Essays on American politics and foreign policy

By Donald E. Nuechterlein

Donald Nuechterlein is a political scientist and writer who resides near Charlottesville, Virginia. He is the author of numerous books on American politics and foreign policy, including

  • Defiant Superpower: The New American Hegemony, 2005
  • America Recommitted: A Superpower Assesses its Role in a Turbulent World, 2000
  • A Cold War Odyssey, 1997


Donald Nuechterlein


APRIL 2017

Donald Trump's national security team (NSC) is scrapping Barack Obama's plan to withdraw from the Middle East; but it accepts two lessons learned from the Bush and Obama experiences: First, large combat troops will not change the region's political/strategic landscape; and two, a small, specialized military presence is essential to prevent Russia and Iran from dominating the Persian Gulf region and the Arab countries to the west.

The U.S. missile strike on a Syrian airbase last Friday is a signal that Mr. Trump is prepared to employ more force to persuade Syrian President Bashar al-Assad to step down.

Hundreds of Special Forces have been inserted into northern Iraq to support Iraqi troops battling to oust ISIS from its stronghold at Mosul. And others recently joined Syrian rebels and Kurdish fighters in their drive to dislodge ISIS from its capital, Raqqa. To the south in Yemen, U.S. aircraft and Special Forces are ready to support Saudi and UAE (United Arab Emirates) fighters battling Iran-backed Houthi insurgents and restore a pro-west government to power.

The NSC has now persuaded the president that Iran is a major threat to U.S. allies in the Persian Gulf, among them Saudi Arabia, Bahrain, UAE, and Yemen and potentially Egypt to the west. Iran expects to install an allied government in Iraq when U.S. forces eventually leave. Russia's 2015 intervention in Syria greatly increased its influence in the Near East, and Vladimir Putin's recently hosted a visit by Iran's president, Hassan Rouhani, highlights their collaboration.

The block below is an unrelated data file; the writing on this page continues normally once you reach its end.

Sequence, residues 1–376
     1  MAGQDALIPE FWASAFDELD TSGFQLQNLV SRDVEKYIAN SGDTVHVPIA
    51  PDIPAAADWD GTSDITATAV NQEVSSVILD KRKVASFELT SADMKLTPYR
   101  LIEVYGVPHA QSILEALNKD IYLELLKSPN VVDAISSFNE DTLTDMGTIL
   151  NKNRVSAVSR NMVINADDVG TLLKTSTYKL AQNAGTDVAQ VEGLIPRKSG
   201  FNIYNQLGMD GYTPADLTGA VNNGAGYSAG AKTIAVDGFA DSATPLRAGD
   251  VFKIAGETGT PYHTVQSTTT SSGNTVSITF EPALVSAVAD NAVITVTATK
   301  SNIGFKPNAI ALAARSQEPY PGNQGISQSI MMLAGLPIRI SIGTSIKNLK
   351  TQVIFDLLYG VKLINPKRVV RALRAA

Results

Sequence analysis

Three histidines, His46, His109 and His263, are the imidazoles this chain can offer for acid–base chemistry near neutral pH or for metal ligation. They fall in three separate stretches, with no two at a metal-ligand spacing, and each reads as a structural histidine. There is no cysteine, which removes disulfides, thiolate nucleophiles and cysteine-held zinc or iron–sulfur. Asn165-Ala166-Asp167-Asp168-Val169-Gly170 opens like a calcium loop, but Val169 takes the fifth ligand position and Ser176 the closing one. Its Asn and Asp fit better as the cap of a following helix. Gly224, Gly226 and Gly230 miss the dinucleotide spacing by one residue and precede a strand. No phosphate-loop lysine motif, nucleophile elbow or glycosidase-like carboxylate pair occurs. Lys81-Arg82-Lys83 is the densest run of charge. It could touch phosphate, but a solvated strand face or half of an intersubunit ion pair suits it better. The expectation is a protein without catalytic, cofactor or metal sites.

Some question why Trump is sending more troops to the Middle East when Barack Obama, then supported by public opinion, decided the U.S. had no vital national interests in the region that warranted U.S. troops. He also rejected a plan in 2012 to send several thousand troops into northern Syria to carve out a safe zone for refugees. Former Secretary of State Hillary Clinton and other senior officials favored the idea.

Has public opinion shifted on the Middle East? Probably not. But the political/strategic climate surely has. That reality convinced not only Trump but also prominent Democrats to conclude the United States should not abandon its responsibilities in the region.

But what are U.S. responsibilities? Are they vital national interests that require U.S. forces?

Proponents argue that if America doesn't stay engaged in the Middle East, Iran and Russia will exercise political and economic domination. In this view, Iran would subvert Arab governments in the Gulf States and eventually force a regime change in Saudi Arabia. Yemen is part of this scenario. To the west, Vladimir Putin's Russia would consolidate its stake in Syria by adding troops and air power to shore up Basher al-Assad and extend its influence to neighboring Lebanon.

Those who oppose U.S. intervention argue that America is no longer dependent on Persian Gulf oil and doesn't need the Fifth Fleet based in Bahrain to protect its flow. They think oil-rich Emirates, Kuwait, and Saudi Arabia have autocratic governments that couldn't survive without American arms and security guarantees. They think Moscow, not Washington, should deal with Syria's ongoing civil war and take the lead in fighting ISIS.

Withdrawal advocates overlook, however, the crucial importance of Israel and Turkey in America's long-term strategic interests. Few believe Israel faced with an Iran moving to incorporate Persian Gulf countries into its sphere of influence would not take military action against Iran. That could be dangerous and costly for Israel, but its government would view this as its survival interest.

Another key factor is Turkey, a NATO ally with the strongest military in the Middle East. If Washington decides not to stay involved militarily in the region, Ankara's current leadership would make its peace with Moscow and deny Washington use of key bases in Turkey.

Trump's overriding reason for increasing U.S. involvement in the Middle East is this: To ensure that Russia and Iran will not decide the future of the Middle East without full U.S. participation. We'll soon know how many additional Special Forces and what additional air power will be needed to achieve that objective.

File last modified on Tuesday, 11-APR-2017 8:45 AM EST

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